Contemporary sociology developed in consideration of western social processes and western ideas about science. Central defining problems included state formation, social solidarity and cohesion, urbanization, and the politics of class. (The experienced reader will recognize the imprint of the classical social theorists here--Weber, Durkheim, and Marx especially.) But it is worth considering that sociology might take a very different course if we placed the problems and processes of the developing world at the center rather than the periphery of sociological inquiry. Would we arrive at the same central concepts? How would the paradigms change?
This question is not purely hypothetical. It is very reasonable for social scientists in developing countries to take a fresh look at the basic problems and concepts that can give future direction to a sociology for the twenty-first century. We ought not assume that existing paradigms will provide the resources necessary to understand and resolve the problems of social behavior and process found in China, Indonesia, or Mexico today. And it is likely enough that the new insights and theories that emerge from this new thinking in Shanghai or Mexico City will in fact provide new ways of looking at Chicago and New York.
One likely result will be that next-generation "world" sociology will be less interested in formulating master theories of large social processes--urbanization, ethnic conflict, demographic transition--and more interested in disaggregating large social processes into smaller component processes. The processes creating mega-cities in Africa, Brazil, or the Philippines have numerous dimensions and tempos. And it seems plausible that the best sociological investigations of urbanization of the future will result from an eclectic effort to discover the multiple social causes that lead to social behavior resulting in rapid urban growth.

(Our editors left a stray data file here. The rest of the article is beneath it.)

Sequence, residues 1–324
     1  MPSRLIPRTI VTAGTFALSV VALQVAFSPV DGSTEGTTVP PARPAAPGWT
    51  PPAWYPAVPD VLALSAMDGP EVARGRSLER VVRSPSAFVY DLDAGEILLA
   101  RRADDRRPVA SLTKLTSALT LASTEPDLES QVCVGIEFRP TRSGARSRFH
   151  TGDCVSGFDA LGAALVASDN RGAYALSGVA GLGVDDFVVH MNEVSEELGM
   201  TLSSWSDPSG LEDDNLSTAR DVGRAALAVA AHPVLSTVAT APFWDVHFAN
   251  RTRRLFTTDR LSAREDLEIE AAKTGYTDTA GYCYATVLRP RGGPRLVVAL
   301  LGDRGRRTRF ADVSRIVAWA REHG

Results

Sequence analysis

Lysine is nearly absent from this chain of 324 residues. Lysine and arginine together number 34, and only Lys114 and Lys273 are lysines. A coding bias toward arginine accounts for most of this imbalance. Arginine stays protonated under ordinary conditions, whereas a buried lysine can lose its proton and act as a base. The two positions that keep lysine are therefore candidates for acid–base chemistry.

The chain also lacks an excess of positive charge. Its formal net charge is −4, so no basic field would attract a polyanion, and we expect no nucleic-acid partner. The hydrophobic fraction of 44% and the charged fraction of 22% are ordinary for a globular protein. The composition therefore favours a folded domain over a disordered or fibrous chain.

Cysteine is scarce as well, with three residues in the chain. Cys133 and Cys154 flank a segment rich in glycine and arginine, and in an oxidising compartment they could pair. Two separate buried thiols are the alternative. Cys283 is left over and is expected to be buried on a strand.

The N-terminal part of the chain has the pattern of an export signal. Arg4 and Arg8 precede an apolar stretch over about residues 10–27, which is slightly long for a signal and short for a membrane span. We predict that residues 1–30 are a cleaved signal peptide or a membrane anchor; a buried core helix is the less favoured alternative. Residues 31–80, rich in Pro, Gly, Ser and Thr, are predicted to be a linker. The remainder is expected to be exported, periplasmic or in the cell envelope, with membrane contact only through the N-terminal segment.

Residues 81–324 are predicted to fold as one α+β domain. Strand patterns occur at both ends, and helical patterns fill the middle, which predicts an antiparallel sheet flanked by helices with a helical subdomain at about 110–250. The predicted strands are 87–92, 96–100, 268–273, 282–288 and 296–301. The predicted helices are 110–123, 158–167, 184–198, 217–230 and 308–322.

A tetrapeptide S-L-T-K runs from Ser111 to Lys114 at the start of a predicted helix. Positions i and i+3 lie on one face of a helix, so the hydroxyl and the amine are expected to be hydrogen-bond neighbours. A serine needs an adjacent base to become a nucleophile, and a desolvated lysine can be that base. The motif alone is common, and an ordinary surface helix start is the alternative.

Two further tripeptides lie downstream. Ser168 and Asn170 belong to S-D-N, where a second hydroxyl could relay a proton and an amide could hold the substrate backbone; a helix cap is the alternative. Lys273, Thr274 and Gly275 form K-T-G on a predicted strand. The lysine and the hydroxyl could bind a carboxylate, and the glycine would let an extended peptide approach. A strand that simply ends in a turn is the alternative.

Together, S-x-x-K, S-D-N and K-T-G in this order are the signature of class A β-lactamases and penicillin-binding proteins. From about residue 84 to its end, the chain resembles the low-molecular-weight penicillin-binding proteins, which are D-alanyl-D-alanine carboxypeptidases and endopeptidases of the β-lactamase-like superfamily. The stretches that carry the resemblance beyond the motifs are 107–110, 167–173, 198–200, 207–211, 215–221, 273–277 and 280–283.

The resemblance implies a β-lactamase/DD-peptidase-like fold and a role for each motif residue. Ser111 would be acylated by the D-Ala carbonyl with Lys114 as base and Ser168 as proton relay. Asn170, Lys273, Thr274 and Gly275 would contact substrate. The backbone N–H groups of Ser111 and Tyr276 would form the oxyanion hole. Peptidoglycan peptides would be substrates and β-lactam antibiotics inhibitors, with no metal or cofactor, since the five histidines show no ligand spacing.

So this is a critical time for sociologists and political scientists in the developing world. Will they seize this opportunity to refocus the research agenda and the tools of theory that will give rise to a more adequate sociology for a global world? Or will the paradigms and methods of positivist sociology continue to define the social-science agenda?
A paradigm shift along these lines is already underway--in the field of economic history. A current generation of economic historians of China has argued for a non-eurocentric comparison of Europe and Asia, with the view that both historical experiences have distinctive mixes of institutions and economic imperatives. Historians like Bin Wong and Kenneth Pomeranz argue that both Europe and Asia can be understood better on the basis of a more balanced consideration of the other. (See "Eurasian Comparisons" for some relevant discussion.)
There is also an important precedent for the creaton of a new sociology for a changed world, in the experience of the Chicago School of sociology in the early twentieth century. Chicago school sociologists stepped away from the certainties of classical sociology, in order to formulate theories and methods that worked better for handling the messy, complex realities of a great city. The results were more eclectic, more middle-level, and more open to the idea of innovations in sociology than the master paradigms of classical sociology. Sociologists in Beijing, Manila, and Mexico City can do the same.